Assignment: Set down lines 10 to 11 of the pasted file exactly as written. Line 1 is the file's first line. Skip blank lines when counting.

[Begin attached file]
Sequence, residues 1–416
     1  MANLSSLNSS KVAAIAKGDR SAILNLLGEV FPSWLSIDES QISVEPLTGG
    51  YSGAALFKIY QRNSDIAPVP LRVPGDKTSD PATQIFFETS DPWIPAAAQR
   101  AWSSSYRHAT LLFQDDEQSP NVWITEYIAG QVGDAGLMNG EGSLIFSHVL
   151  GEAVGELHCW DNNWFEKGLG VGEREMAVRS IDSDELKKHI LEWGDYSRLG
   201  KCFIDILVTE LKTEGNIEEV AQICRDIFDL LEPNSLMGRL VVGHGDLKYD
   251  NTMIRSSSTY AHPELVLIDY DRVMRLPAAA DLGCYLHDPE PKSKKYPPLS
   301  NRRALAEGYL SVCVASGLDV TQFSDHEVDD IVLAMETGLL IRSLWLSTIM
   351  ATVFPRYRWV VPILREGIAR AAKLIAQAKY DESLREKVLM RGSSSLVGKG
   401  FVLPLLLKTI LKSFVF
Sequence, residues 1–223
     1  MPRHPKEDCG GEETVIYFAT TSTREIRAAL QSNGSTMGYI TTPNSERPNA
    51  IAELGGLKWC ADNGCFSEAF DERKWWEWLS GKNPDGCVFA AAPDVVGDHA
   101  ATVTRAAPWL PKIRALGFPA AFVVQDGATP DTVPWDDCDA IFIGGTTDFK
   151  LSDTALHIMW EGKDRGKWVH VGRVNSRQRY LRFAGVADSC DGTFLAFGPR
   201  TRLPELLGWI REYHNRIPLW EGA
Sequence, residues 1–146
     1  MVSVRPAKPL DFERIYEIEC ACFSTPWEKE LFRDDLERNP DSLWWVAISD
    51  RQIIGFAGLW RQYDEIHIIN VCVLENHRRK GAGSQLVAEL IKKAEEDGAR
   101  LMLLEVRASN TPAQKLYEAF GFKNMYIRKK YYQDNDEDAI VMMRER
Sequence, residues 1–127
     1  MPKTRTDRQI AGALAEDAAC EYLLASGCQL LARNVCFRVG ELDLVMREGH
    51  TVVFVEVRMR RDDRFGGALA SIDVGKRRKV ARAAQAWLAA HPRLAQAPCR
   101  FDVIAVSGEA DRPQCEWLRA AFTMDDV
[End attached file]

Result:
   401  FVLPLLLKTI LKSFVF
Sequence, residues 1–223